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Stocks down again...CVS quitting cigarettes...Merck shares up on cancer drug collaboration

Wednesday - 2/5/2014, 11:40am  ET

NEW YORK (AP) -- The stock market's modest recovery yesterday isn't carrying over in early trading on Wall Street. The Dow dropped as much as 105 points in the first hour of trading and remains firmly lower. The S&P 500 and the Nasdaq are also lower. Time Warner shares are down about 2 percent after the company report a 12 percent drop in quarterly profits.

UNDATED (AP) -- The nation's second-largest drugstore chain says it will stop selling cigarettes, cigars and chewing tobacco. CVS Caremark announced today that it will phase out sales of tobacco products at its drugstores nationwide by Oct. 1. CVS says the move will help expand its work with doctors, hospitals and other care providers to improve customers' health. CVS and other major drugstore chains have been adding clinics to their stores and expanding their health care focus for several years now.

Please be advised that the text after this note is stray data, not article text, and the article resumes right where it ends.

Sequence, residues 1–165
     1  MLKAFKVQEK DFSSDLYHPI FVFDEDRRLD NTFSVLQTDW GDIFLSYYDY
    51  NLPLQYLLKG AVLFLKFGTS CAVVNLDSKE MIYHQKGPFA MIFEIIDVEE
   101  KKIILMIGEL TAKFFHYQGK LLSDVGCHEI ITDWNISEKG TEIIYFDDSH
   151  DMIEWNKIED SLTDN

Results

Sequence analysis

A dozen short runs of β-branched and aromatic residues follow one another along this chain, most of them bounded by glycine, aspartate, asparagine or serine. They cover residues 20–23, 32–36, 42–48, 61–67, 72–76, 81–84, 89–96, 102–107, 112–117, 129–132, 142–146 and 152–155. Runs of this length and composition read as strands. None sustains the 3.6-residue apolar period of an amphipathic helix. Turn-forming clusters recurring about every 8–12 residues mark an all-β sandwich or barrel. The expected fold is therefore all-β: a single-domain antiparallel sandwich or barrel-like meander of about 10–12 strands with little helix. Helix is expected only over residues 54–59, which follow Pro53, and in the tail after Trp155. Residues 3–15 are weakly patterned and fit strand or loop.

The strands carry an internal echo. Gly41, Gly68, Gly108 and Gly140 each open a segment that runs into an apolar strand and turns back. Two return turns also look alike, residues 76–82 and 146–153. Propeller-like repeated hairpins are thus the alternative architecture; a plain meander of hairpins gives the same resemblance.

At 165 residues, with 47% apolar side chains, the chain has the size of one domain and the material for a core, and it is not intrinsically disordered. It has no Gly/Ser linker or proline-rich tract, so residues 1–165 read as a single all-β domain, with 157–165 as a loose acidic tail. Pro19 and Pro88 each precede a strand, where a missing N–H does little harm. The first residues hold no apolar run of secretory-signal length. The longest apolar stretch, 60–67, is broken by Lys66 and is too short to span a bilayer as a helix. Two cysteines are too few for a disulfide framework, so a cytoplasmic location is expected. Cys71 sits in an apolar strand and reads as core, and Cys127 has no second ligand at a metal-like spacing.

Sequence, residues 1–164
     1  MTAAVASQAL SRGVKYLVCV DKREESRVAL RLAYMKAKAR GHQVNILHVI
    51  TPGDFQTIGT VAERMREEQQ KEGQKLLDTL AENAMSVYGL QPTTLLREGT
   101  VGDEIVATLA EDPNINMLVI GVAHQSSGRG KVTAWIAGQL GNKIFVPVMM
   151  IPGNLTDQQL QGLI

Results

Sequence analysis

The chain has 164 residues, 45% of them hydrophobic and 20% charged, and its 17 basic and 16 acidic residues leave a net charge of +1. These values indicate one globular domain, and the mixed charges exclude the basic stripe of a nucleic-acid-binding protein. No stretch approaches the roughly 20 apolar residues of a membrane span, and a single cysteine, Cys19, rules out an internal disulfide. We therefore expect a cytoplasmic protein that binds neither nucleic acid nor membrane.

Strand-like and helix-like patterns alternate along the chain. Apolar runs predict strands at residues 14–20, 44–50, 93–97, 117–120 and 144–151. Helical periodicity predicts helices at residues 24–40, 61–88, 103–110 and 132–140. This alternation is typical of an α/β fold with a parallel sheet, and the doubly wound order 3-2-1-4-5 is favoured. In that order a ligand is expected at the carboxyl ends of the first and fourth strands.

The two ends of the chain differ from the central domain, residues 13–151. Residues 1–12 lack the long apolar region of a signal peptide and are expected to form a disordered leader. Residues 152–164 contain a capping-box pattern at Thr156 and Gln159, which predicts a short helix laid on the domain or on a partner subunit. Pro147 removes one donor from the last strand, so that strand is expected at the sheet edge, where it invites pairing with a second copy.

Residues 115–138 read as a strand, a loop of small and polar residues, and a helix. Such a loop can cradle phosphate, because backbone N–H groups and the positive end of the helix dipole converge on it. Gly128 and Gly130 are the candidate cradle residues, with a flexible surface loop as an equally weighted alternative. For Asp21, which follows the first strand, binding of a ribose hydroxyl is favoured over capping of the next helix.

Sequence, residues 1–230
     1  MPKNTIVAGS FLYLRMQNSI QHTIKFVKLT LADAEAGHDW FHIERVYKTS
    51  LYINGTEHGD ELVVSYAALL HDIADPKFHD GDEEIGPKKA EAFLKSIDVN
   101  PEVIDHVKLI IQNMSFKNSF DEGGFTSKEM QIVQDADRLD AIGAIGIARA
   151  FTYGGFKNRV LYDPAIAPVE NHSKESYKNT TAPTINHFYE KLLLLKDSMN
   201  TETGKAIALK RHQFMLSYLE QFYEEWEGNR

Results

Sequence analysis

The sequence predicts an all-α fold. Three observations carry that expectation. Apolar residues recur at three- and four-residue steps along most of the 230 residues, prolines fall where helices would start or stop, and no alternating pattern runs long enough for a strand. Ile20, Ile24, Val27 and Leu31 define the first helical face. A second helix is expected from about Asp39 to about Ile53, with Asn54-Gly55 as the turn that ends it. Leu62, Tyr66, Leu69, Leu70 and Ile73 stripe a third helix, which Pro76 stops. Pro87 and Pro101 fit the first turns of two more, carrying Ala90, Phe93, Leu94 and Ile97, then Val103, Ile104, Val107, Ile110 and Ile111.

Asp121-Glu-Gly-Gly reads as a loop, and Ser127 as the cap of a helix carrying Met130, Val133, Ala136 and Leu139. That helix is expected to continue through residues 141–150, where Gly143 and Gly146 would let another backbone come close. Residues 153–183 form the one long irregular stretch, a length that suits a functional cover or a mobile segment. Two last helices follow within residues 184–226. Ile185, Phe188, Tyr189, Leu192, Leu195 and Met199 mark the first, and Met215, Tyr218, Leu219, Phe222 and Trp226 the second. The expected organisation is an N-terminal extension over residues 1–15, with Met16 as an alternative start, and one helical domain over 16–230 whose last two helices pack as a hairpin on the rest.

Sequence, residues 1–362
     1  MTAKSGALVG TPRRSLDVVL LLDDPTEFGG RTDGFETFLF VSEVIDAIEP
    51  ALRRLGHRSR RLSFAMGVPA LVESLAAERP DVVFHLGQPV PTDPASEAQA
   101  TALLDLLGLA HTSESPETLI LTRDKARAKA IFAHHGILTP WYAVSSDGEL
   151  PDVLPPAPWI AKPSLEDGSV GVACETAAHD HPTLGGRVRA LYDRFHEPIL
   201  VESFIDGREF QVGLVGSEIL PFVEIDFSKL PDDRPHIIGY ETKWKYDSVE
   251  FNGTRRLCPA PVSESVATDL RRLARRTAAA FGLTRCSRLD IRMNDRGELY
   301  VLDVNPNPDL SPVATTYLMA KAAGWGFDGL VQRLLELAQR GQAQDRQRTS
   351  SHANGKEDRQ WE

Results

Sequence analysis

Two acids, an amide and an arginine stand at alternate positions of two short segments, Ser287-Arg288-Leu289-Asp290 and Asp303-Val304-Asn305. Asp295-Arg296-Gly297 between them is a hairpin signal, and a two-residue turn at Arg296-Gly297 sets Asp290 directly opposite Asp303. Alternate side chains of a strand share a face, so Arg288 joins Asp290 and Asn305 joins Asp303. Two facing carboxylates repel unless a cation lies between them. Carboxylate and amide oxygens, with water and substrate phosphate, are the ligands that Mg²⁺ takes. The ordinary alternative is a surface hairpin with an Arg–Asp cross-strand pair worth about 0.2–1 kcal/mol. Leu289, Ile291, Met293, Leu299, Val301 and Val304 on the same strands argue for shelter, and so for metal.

WHITEHOUSE STATION, N.J. (AP) -- Competition from generic drugs is eating into Merck's sales. The world's third-biggest drugmaker reports a 14 percent decline in fourth-quarter profit. It says reduced revenue from overseas and unfavorable currency exchange rates also cut into profits. However, the company's shares are higher in morning trading after Merck announced potentially lucrative collaboration agreements with three other drugmakers to test its hot experimental cancer drug in combination with theirs.

WASHINGTON (AP) -- Payroll processor ADP says private businesses added 175,000 jobs last month. That's actually down from ADP's revised numbers for December, but much better than the government's official figure of just 74,000 new jobs. The ADP numbers cover only private employers and often diverge from the government's more comprehensive report.

GENEVA (AP) -- Switzerland is tightening security for its computer and telephone systems, and that could block foreign companies from government technology and communications contracts. The Swiss government cites concerns about foreign spies targeting Switzerland. In a statement, it says contracts for critical IT infrastructure will "where possible, only be given to companies that act exclusively according to Swiss law, where a majority of the ownership is in Switzerland and which provides all of its services from within Switzerland's borders."


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